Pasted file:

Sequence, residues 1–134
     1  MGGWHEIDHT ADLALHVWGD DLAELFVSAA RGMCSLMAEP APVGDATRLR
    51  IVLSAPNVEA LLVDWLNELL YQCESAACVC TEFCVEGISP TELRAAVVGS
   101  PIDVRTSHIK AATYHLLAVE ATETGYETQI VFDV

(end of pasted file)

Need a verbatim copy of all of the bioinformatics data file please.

Sequence, residues 1–134
     1  MGGWHEIDHT ADLALHVWGD DLAELFVSAA RGMCSLMAEP APVGDATRLR
    51  IVLSAPNVEA LLVDWLNELL YQCESAACVC TEFCVEGISP TELRAAVVGS
   101  PIDVRTSHIK AATYHLLAVE ATETGYETQI VFDV